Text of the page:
E&O: What Filmmakers Need to Know

Posted by David Hamilton on Jan 9, 2019 4:59:44 PM

 

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As a filmmaker your top priority is likely bringing your next production to life and maintaining creative inspiration, but you also know how important the business side of film production is.

This includes understanding the legal and insurance requirements needed to protect your next film. Insurance is a critical part of the film business, especially E&O (Errors and Omissions). If you understand what E&O is and how it can actually serve your production needs, you’ll set your next film up for even greater success.

Here’s how:

GETTING TO KNOW E&O

Producers Errors and Omissions Insurance covers all of the potential legal liabilities and defense costs against lawsuits alleging unauthorized use of titles, formats, ideas, characters, plots, plagiarism, unfair competition or privacy, and breach of contract. It also protects against alleged libel, slander, defamation of character or invasion of privacy. Errors & Omissions is a requirement for distribution deals with studios, television, cable networks, DVD and Internet sites prior to the release of any film production. In fact, if you haven’t released a film yet, you’ll discover that production financing will probably not flow until your E&O coverage is in force.

 

HOW IT WORKS

Consider the risks: You’ve released a film that is a HUGE success, and someone accuses you of stealing their idea, or script. No surprise, this happens a lot. For example, after AVATAR was released in 2009, a man spoke out and claimed that he had actually pitched this multi award winning movie to AVATAR Producer, James Cameron a few years earlier. An E&O policy would provide a lawyer in this instance and would pay the legal fees and judgement costs if the filmmaker lost.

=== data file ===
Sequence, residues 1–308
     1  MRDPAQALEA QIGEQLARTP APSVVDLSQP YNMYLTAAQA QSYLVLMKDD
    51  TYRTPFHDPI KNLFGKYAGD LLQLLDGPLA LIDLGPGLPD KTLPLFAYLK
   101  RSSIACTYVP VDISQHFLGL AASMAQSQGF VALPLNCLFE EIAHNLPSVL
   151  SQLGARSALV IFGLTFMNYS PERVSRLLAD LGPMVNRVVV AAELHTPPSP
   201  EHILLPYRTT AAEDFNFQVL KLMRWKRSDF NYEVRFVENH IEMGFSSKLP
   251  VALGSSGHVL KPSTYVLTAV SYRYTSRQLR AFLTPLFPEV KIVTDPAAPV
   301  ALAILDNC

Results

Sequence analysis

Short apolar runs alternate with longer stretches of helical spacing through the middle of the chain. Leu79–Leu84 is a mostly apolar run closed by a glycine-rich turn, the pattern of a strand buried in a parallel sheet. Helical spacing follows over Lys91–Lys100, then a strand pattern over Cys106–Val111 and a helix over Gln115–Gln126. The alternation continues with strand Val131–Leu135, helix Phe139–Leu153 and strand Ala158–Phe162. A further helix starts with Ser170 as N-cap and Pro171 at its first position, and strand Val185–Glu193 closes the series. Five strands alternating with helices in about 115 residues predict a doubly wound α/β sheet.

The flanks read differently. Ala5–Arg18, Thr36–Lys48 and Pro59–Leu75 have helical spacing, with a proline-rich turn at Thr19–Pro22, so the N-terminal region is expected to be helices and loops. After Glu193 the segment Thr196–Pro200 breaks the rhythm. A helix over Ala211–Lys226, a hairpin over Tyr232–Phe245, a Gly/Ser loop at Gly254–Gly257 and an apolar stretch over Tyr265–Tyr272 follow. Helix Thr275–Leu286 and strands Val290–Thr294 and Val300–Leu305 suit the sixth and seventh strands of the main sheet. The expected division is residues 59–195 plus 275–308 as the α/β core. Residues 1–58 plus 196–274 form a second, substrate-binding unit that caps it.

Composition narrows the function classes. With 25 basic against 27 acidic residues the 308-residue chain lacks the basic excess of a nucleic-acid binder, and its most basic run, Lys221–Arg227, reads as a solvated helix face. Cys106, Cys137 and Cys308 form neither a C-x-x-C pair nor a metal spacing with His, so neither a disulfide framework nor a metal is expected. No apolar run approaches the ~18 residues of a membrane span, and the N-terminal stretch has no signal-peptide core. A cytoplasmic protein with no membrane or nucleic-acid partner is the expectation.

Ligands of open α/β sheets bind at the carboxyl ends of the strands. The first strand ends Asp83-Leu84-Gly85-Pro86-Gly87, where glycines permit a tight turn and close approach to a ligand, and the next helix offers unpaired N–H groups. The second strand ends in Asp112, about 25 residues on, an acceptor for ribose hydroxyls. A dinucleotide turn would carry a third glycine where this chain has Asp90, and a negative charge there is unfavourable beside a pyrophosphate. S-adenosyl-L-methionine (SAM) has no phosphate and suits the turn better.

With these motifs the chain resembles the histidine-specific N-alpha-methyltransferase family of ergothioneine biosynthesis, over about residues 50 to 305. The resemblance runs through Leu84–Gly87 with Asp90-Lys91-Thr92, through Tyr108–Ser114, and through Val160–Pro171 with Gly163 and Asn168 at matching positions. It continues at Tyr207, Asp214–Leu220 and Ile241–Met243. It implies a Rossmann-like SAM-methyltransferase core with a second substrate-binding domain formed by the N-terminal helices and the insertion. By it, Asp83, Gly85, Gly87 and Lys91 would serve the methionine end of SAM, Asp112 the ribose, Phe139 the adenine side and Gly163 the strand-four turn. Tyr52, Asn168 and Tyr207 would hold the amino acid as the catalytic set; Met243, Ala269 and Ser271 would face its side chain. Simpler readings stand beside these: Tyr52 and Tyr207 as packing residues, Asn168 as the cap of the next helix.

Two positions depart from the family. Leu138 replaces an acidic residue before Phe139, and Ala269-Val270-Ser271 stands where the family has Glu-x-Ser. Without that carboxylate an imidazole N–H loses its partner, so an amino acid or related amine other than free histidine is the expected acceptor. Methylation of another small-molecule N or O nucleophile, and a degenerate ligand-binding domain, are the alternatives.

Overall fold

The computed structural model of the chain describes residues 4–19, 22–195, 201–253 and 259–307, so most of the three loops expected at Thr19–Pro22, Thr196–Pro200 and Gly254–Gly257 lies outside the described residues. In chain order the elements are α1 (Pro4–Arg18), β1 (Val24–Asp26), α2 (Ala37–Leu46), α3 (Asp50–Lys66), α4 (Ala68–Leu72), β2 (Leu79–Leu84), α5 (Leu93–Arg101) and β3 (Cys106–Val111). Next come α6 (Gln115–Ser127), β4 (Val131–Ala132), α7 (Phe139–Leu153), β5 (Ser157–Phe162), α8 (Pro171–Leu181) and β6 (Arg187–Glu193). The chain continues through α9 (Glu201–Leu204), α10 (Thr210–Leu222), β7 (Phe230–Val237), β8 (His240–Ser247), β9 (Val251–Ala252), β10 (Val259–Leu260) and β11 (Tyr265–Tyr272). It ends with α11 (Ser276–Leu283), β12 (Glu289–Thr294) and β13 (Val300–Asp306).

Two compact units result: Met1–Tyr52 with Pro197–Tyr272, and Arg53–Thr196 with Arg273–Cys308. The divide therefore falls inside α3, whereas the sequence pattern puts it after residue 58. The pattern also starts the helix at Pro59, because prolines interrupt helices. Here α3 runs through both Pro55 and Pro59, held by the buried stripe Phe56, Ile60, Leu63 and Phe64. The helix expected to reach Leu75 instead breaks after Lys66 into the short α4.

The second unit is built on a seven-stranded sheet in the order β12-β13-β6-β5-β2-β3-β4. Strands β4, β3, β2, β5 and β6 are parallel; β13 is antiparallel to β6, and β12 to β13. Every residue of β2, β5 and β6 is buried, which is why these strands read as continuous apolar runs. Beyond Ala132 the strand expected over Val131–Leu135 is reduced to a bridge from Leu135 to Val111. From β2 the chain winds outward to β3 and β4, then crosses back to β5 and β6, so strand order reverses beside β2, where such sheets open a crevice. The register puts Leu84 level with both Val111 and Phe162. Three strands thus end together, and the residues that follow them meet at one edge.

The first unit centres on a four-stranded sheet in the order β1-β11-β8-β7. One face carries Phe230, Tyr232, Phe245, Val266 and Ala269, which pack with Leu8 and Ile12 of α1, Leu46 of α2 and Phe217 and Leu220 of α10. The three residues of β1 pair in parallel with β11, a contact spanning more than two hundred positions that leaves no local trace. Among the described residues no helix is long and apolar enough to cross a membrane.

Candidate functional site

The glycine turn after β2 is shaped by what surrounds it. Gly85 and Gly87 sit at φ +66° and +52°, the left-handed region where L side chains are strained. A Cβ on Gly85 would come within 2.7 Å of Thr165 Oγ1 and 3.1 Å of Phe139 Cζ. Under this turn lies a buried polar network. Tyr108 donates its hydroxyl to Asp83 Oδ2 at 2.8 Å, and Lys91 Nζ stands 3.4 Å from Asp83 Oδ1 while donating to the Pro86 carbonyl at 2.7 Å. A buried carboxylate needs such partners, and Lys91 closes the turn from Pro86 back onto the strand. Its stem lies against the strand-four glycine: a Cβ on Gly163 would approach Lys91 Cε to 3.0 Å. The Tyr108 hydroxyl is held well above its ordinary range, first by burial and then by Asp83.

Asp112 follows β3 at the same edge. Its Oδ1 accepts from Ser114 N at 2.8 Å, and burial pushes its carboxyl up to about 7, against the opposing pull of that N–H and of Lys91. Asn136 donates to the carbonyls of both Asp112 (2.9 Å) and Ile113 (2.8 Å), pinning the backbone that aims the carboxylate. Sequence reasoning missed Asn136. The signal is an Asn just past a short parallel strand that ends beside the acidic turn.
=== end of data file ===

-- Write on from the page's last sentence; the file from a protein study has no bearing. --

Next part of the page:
Planning an online production? YouTube is a hot bed for E&O disputes. A while back, a music video director posted a parody of a well known movie that went viral, garnering over 1 million views, but unfortunately he didn’t have E&O and the video was taken down as he could not afford the legal costs. A big loss for him and one he could have avoided if he had obtained E&O coverage.

 

WHAT E&O COSTS

Premiums for E&O vary based on the content of the production. A straight forward documentary typically cost $2,500 to $4,000 while you can expect to pay $3,500 to $8,000 for a feature film for the industry standard 3-5 year policy term. Every project is unique and requires a custom E&O policy. Standard limits are $1,000,000 per claim/$3,000,000 aggregate with a deductible of $10,000. Ideally, speak to an E&O insurance expert who can advise on the risks related to your particular film. We’d love to help with that.

 

YOUR NEXT STEPS

  1. The first thing an insurance provider will ask you is: Do you have “Title and script Clearance”. This is a way to discover if you’ve done your legal due diligence to make sure you aren’t engaging in copyright infringement and that you have the right to use the story and title. As you set out to obtain E&O, as a filmmaker you must begin clearance work prior to principal photography, continue during filming and complete it at final cut. Note: It can take up to 10 working days for a project to be cleared and coverage to be in place so you’ll want to start the E&O process early to ensure that your cash flow is not impacted.